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Vote dates set for co-locating Queens schools


| editorial@queenscourier.com


The Panel for Educational Policy (PEP) will vote on four proposals to co-locate multiple Queens schools at the end of October.

The PEP — made up of seven mayoral appointees and five representatives from each borough — will meet in Brooklyn on October 30 at 883 Classon Avenue to discuss a series of plans that would squeeze more than one school into a building.

In one proposal, the city’s Department of Education (DOE) wants to temporarily put P.S. 176 Cambria Heights and a new public elementary charter school inside I.S. 59 Springfield Gardens.

The charter school would be part of Success Academy, which operates 18 public city charter schools, and would open next year.

A public hearing before the plan goes to the PEP will be held on October 9 at 6 p.m. at 132-55 Ridgedale Street.

The city also wants to put another new Success Academy Charter School and a new transfer high school inside August Martin High School.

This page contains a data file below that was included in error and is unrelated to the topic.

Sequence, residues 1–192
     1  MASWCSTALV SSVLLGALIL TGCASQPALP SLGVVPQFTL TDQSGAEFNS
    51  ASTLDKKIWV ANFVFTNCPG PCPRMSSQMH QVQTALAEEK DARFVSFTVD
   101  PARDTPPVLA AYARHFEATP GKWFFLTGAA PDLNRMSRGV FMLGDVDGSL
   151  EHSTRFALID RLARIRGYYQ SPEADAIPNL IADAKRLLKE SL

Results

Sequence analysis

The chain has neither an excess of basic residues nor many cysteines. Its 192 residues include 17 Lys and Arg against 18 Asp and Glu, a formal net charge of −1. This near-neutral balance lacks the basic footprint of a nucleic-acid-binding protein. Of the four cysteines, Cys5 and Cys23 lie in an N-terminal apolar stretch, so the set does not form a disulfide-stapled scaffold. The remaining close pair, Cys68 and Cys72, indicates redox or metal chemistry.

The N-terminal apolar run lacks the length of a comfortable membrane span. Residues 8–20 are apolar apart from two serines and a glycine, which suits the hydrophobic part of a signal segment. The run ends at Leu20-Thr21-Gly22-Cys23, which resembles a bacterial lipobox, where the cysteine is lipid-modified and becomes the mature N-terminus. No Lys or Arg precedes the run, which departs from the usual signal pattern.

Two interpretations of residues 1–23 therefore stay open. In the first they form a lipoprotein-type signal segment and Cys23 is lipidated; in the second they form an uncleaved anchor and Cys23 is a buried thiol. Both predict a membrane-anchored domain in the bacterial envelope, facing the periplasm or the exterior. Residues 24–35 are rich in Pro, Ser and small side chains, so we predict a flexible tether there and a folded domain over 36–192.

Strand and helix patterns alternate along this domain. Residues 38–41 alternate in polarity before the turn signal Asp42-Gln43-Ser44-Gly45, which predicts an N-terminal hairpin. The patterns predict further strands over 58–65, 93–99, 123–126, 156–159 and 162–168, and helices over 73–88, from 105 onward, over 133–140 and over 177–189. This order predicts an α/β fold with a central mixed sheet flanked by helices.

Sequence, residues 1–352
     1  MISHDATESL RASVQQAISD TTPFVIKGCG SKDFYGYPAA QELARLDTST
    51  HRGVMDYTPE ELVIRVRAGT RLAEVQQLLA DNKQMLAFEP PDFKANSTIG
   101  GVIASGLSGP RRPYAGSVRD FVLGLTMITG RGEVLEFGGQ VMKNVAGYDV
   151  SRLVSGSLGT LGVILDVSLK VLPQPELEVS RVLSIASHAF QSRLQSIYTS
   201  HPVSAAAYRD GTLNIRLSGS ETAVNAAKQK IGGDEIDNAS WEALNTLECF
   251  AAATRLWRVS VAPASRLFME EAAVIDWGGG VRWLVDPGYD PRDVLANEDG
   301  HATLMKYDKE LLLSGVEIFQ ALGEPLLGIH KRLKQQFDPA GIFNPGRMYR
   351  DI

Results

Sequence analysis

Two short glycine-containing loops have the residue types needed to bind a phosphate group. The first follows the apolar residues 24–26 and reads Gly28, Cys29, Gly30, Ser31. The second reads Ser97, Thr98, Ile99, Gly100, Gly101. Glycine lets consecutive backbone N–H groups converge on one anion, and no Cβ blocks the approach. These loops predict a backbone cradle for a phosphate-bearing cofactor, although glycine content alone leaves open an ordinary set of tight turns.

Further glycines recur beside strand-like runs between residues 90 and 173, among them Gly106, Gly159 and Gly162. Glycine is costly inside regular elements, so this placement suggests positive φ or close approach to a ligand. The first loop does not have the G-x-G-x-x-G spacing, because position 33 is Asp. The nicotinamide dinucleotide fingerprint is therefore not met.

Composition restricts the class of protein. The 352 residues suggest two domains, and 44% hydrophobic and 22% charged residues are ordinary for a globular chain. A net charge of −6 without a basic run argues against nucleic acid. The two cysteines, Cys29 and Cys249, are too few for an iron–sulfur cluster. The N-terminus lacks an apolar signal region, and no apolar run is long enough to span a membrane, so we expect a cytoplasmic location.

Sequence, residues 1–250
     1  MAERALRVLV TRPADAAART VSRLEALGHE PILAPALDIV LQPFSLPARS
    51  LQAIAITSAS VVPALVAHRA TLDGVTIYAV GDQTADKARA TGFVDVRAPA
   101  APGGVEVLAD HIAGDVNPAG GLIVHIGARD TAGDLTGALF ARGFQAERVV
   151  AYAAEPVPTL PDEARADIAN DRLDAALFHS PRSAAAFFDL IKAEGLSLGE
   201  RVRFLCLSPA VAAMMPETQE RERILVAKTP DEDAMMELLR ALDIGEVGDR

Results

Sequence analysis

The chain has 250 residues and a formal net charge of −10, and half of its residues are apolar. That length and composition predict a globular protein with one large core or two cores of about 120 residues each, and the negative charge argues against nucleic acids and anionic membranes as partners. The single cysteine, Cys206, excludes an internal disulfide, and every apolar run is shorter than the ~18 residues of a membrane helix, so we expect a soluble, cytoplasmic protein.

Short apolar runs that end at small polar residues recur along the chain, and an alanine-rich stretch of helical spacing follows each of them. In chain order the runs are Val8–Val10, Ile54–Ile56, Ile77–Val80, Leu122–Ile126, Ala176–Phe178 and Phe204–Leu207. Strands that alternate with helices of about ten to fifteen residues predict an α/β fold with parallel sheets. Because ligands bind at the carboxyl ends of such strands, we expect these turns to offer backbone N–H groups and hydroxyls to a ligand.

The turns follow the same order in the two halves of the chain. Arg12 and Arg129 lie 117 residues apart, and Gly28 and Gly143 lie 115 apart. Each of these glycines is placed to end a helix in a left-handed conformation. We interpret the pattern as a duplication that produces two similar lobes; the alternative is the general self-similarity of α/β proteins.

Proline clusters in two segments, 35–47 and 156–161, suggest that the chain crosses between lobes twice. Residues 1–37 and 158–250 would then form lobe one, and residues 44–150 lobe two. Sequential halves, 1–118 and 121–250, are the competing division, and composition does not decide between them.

Officials will hear out the public at August Martin on October 3 at 6 p.m.

There are also plans to add another new elementary school inside P.S. 40 Samuel Huntington in Jamaica next year and co-locate Corona Arts and Sciences Academy with Civic Leadership Academy, Pan American International High School, Voyages Preparatory and Queens Transition Center in Elmhurst Educational Campus in 2015.

A public hearing for Samuel Huntington will be held at the 109-20 Union Hall Street school on October 9 at 6 p.m. and one will be held for Corona Arts on October 1 at 6 p.m. at 45-10 94th Street.

The PEP will vote on more than a dozen other co-locations proposed in other boroughs on October 15.

There were no notices scheduled for another city plan to add a new school within Martin Van Buren High School.

 

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Martin Van Buren High School co-location met with protest


| mchan@queenscourier.com

THE COURIER/Photo by Melissa Chan

The city’s plans to add another school within a struggling Queens Village institution is a “knife in the back” to the community, elected officials said.

“This is the wrong plan at the wrong time, in the wrong place, at the wrong school,” said Deputy Borough President Barry Grodenchik.

The Department of Education (DOE) has proposed adding a small district high school inside Martin Van Buren High School.

The two schools would share the 230-17 Hillside Avenue building — including its gym, cafeteria and auditorium — in a move increasingly known as co-location.

“We’ve been nationally recognized for our visionary new school models, and this new option replicates those that are in extraordinarily high demand across the city,” said DOE spokesperson Devon Puglia.